In the United States, Anna Jarvis is credited for starting the celebration of Mother’s Day. Her inspiration for passionately promoting the holiday came from her mother, who raised 11 children. During the second week of May two years after her mother’s death, Jarvis asked her mother’s parish to celebrate Mother’s Day. She also started a campaign that sought to establish a holiday to honor both living and dead mothers, hoping that it would reinforce family ties and increase respect for mothers. Her dream became a reality on May 8, 1914 when U.S. President Woodrow Wilson proclaimed a national holiday for honoring mothers to be held every second Sunday of May.

Have YOU called your mom today?

Wednesday, May 8, 2013

How to Cultivate Your Mind

Ok, I'll spoil this chapter for you and just say it:
Developing your ability to concentrate is the key to getting things done and living a full life.
Sounds simple, right? Well, it's a simple concept but not so easy to do. But fear not! In chapter seven of How to Live on 24 Hours a Day, Arnold Bennett lays out how anyone can gain control over their own mind. All you need is perseverance.

To read all the posted chapters from Arnold Bennett's classic time-management book, click on the How to Live on 24 Hours a Day label (below).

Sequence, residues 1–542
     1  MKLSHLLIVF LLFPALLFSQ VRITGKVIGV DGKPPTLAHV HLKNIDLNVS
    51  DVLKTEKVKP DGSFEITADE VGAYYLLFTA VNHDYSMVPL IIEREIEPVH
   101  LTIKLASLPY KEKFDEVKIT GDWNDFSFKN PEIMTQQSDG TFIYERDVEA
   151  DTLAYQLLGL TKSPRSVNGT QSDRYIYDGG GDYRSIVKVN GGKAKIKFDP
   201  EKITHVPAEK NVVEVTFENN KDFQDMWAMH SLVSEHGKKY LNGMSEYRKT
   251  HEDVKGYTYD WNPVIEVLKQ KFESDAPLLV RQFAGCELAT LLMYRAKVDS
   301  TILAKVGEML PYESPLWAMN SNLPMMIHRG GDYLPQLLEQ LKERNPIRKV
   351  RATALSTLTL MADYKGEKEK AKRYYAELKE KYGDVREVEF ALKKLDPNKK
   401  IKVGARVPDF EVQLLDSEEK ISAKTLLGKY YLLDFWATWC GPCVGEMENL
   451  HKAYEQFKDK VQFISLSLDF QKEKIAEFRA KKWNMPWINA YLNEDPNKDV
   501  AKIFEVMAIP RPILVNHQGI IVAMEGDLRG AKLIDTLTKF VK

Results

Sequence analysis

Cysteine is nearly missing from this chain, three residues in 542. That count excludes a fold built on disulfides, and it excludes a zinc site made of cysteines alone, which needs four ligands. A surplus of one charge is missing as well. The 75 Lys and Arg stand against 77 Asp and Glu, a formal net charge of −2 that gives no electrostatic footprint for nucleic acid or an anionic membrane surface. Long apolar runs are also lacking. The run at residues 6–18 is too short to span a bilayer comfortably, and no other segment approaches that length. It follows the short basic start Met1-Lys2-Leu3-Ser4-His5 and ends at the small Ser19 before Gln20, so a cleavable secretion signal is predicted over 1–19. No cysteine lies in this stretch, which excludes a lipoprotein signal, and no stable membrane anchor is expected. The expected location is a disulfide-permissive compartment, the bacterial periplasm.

Saturday, May 4, 2013

Enjoy Craftsy Mini-Courses FREE!

It's no secret that I am now a total Craftsy junkie and the next 2 free Craftsy mini-courses I'm going to take are:
  1. QuiltCon Lecture Series 2013 - Beings I wasn't in Austin for the Modern Quilt Guild's inaugural QuiltCon, I can watch some of the lectures from the event FREE! Can't wait to see what Heather Jones, Angela Walters, David and Amy Butler, Jacquie Gering, and Mary Fons have to say...
  2. The Hand Painted Cake - Not sure I'll ever want to paint a cake but I'd sure like to see Erin Schaefgen's freehand painting techniques to create beautiful and edible works of art!

Check out all of the other free Craftsy mini-courses by clicking here. And if the links in this post don't take you straight to the free classes, just type 'free' into the search box. Enjoy!

Thursday, May 2, 2013

Idleness and Effective Time Management

Everyone needs time off. Yes, even time off from improving your life - especially as we get older. The sixth chapter of How to Live on 24 Hours a Day by Arnold Bennett highlights the necessity of idleness for effective time management.

As always, click on the How to Live on 24 Hours a Day label link (below) to see other posts in this series.